HealthDay News — A single course of teplizumab treatment delays progression to type 1 diabetes (T1D) and improves beta cell function in high-risk individuals, according to a study published in the March 3 issue of Science Translational Medicine.
Emily K. Sims, M.D., from the Indiana University School of Medicine in Indianapolis, and colleagues examined the effects of a single 14-day course of teplizumab treatment on metabolic function and immune cells among participants in a randomized controlled trial of individuals without diabetes at high risk for T1D who have relatives with T1D. An extended follow-up (median, 923 days) of a previous report of teplizumab treatment was conducted.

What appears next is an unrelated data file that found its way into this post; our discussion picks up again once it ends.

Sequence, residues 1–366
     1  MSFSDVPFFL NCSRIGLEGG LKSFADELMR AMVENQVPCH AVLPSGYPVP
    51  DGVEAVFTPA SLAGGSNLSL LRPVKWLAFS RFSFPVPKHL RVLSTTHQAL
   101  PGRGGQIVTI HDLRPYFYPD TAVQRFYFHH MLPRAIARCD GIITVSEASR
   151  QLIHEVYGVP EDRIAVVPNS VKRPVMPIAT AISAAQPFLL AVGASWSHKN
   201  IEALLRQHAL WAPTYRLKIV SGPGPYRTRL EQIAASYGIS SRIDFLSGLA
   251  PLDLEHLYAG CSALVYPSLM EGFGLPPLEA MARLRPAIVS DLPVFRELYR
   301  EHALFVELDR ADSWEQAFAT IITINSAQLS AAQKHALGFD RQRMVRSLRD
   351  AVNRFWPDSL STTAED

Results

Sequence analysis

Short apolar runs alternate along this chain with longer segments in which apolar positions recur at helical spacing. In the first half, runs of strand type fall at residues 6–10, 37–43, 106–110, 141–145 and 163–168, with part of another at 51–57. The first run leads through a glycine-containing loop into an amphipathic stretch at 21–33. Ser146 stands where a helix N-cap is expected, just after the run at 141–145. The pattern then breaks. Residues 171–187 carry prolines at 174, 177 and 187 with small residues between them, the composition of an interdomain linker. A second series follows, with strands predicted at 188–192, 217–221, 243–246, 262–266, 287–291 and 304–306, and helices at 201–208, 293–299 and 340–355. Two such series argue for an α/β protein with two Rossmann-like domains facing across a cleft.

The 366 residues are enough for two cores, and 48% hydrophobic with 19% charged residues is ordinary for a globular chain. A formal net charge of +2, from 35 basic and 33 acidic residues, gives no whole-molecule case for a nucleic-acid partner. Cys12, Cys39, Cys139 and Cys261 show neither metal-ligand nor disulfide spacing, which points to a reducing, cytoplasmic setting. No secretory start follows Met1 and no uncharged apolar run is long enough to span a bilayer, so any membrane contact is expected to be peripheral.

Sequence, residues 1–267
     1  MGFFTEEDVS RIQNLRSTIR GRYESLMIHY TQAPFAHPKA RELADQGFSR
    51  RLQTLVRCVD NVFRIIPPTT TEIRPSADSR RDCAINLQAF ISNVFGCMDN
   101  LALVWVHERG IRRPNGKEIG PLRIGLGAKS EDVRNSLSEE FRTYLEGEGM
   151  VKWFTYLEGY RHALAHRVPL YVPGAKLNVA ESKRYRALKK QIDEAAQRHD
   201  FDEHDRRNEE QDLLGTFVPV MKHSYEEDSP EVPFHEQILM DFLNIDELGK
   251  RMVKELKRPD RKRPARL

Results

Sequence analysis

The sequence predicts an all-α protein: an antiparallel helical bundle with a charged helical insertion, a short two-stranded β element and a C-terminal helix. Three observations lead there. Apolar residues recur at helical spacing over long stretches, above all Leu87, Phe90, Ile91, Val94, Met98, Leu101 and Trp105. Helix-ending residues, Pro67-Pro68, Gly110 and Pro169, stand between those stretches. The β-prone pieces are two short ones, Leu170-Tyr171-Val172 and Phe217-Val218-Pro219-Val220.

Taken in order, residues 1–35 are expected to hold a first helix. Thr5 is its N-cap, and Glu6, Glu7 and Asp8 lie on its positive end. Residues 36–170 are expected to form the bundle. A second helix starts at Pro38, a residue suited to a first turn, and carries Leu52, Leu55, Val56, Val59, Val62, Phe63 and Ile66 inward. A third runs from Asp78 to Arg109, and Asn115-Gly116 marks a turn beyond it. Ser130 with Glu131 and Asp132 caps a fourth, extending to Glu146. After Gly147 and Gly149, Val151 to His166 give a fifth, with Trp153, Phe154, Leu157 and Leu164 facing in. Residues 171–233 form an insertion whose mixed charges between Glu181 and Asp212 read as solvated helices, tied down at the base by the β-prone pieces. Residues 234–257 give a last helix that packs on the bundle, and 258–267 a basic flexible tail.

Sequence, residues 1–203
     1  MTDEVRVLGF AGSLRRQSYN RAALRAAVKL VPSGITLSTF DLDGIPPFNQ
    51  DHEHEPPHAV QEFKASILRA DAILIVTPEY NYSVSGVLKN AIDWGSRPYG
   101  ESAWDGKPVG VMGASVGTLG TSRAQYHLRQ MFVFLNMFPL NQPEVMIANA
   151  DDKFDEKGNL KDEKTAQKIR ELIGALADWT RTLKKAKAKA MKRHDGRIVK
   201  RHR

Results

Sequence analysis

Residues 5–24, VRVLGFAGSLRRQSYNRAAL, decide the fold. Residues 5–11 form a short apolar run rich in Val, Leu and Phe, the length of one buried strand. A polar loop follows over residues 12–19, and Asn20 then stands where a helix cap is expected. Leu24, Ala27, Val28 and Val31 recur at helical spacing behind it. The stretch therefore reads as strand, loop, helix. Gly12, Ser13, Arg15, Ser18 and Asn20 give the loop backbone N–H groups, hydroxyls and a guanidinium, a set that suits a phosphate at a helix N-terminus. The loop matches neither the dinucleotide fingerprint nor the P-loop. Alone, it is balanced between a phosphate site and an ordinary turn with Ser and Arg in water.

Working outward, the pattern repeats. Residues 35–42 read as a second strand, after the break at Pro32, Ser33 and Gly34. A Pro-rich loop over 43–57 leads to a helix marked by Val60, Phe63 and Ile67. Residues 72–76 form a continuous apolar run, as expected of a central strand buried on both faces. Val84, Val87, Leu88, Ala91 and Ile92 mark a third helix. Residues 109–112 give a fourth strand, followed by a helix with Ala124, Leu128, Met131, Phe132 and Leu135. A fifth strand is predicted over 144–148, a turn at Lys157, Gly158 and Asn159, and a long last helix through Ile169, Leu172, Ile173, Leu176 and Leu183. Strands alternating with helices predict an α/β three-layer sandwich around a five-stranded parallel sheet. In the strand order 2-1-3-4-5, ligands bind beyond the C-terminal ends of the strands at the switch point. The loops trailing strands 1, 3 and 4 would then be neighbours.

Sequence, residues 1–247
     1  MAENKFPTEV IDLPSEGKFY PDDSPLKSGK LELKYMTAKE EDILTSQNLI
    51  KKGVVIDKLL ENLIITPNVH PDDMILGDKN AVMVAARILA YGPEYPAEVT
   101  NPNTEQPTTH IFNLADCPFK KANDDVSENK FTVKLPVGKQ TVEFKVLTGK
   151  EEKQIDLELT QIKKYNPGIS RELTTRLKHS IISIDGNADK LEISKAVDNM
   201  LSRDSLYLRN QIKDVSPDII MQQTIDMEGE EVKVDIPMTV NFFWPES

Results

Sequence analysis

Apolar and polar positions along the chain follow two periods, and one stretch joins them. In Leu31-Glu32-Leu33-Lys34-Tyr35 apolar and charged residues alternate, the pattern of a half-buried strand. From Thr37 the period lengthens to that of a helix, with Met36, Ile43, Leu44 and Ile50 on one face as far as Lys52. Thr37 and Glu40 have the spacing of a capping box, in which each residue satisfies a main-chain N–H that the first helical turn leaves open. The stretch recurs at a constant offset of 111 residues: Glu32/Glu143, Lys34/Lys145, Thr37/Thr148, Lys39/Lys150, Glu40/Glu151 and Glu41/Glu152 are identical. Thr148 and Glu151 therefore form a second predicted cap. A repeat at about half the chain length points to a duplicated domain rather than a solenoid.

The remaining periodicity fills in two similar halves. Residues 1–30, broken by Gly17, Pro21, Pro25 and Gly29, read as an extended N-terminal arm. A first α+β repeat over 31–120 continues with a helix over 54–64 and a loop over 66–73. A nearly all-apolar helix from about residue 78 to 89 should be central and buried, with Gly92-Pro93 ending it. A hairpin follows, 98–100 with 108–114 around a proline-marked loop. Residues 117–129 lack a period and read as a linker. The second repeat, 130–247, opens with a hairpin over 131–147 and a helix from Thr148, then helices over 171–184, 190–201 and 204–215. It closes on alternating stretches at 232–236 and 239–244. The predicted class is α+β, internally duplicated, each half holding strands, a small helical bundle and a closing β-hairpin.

The researchers found that the median times to diagnosis were 59.6 and 27.1 months for teplizumab- and placebo-treated participants, respectively (hazard ratio, 0.457). Overall, 50 and 22 percent of teplizumab- and placebo-treated participants, respectively, remained diabetes-free. Beta-cell function was improved with teplizumab treatment, with an average on-study C-peptide area under the curve (AUC) of 1.94 versus 1.72 pmol/mL. A decline in insulin secretion before enrollment was reversed with drug treatment, followed by stabilization of the declining C-peptide AUC observed with placebo treatment. After drug treatment, proinsulin:C-peptide ratios were similar between the treatment groups.
“Any time without diabetes is important, but particularly so for those children who might have a chance to grow up without it,” a coauthor said in a statement.
One author disclosed financial ties to Provention Bio, which developed the study drug.